The BFI London Film Festival in Partnership with American Express® today confirmed the dates for the Festival’s 61st anniversary edition which will take place at venues across the UK capital from 4 -15 October 2017.
Submissions for the 2017 BFI London Film Festival are now open. Feature and short films can be submitted through the BFI London Film Festival website. The final deadline for short films and features is 5pm, Monday 12 June 2017.
Films entered through open submissions are eligible for Official Competition, Documentary Competition, First Feature Competition and Short Film Competition, provided they meet the other criteria for these sections and with priority given to European and World Premieres.
If you wish to have your film considered for the 61st BFI London Film Festival, 4-15 October 2017, please either include a Secure Online viewing link and password with your submission or send a DVD copy of the film, as soon as possible. You are also required to fill in an online submission form.
Deadline for receipt of online submission forms and film screeners:
- Short films (40 mins or less) – 12 June 2017
- Feature length films (more than 40 mins) – 12 June 2017
Please ensure you have read through the rules and regulations before submitting a film for BFI consideration.
You can download the rules and regulations here. (Fees For UK features or short films please see point 9 of the regulations for information regarding ‘UK production’ classification.)
Submission fee information:
- Fee for International feature films:
- Early Bird – £45 if received by 31 March 2017, 17.00GMT
- Regular – £60 if received between 1 April – 31 May 2017, 17.00GMT
- Late Submission – £75 if received between 1 June – 12 June 2017, 17.00GMT
- Fee for International short films:
- Early Bird – £20 if received by 31 March 2017, 17.00GMT
- Regular – £30 if received between 1 April – 12 June 2017, 17.00GMT
- Fee for UK feature films:
- Early Bird – £30 if received by 31 March 2017, 17.00GMT
- Regular – £40 if received between 1 April – 31 May 2017, 17.00GMT
- Late Submission – £55 if received between 1 June – 12 June 2017, 17.00GMT
- Fee for UK short films:
- Early Bird – is £15 if received by 31 March 2017, 17.00GMT
- Regular: £20 if received between 1 April – 12 June 2017, 17.00GMT
See more about fees here.
The (2016) 60th anniversary edition of the Festival last October presented 397 features and short films and achieved a 16% audience increase with 195,595 admissions, including satellite screenings to UK-wide cinemas for the Opening Night gala of A United Kingdom and Werner Herzog’s Lo & Behold (which was also presented, in a first for the Festival, as a virtual premiere). The Closing Night gala was the European premiere of Ben Wheatley’s Free Fire. In total, the Festival presented 587 screenings at 16 venues across the capital. More than 800 international and British filmmakers attended the Festival to support their films in the programme, ranging from major global superstars and many of the world’s most established directors, to new talents making their first short film.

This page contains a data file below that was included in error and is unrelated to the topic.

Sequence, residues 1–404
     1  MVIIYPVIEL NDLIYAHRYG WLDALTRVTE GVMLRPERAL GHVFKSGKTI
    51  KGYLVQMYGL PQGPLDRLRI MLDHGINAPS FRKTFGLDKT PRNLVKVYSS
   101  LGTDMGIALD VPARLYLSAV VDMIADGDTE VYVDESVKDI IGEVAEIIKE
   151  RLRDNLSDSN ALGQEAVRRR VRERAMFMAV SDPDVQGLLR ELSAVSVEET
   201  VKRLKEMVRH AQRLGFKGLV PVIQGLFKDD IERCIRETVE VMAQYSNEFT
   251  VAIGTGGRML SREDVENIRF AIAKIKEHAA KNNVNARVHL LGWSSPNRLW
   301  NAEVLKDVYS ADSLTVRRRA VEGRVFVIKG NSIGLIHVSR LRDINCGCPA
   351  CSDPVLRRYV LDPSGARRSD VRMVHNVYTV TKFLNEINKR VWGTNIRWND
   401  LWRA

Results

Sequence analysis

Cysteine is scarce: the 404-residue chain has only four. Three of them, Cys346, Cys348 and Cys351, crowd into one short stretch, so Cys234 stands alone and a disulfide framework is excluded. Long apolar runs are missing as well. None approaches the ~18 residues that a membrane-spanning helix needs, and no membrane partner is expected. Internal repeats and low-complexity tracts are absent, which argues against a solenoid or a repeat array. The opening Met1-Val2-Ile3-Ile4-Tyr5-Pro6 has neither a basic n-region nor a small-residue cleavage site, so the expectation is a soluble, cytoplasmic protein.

The Festival remains committed to agenda-setting debate on the future of the film industry, presenting the BFI Black Star Symposium which was launched with a powerful and rousing keynote from David Oyelowo, star of A United Kingdom and Queen of Katwe.
2016’s prestigious BFI Fellowship, presented at the Festival, recognised the extraordinary talents of British director Steve McQueen, and the Best Film was awarded to Kelly Reichardt’s Certain Women.
In another first for the Festival, a 780 seat temporary cinema was built in London’s iconic Victoria Embankment Gardens by the River Thames. This new venue attracted more than 22,000 attendances and provided a new home for the Festival’s Official Competition premieres and Strand Gala presentations. The Festival also expanded its Headline Gala and Special Presentation sections.
The Festival did very well in championing and leading the way with diversity and welcomed leading lights from across the international film industry in 2016. Acting talent supporting films at the Festival included brilliant British Blacklisters: David Oyelowo, Babou Cessay, Sasha Lane, Gabrielle Union, Dev Patel, Lupita Nyong’o, Eric Kofi-Abrefa, Naomie Harris, Trevante Rhodes, Janelle Monáe and many more.
Directors presenting their work included Amma Asante, Nate Parker, Rakeysh Omprakash Mehra, Mohamed Diab, Barry Jenkins, Makoto Shinkai and more.
See more about the 61st BFI London Film Festival in Partnership with American Express® here.
Go to The British Blacklist YouTube page to see footage of our 2016 BFI London Film Festival coverage here.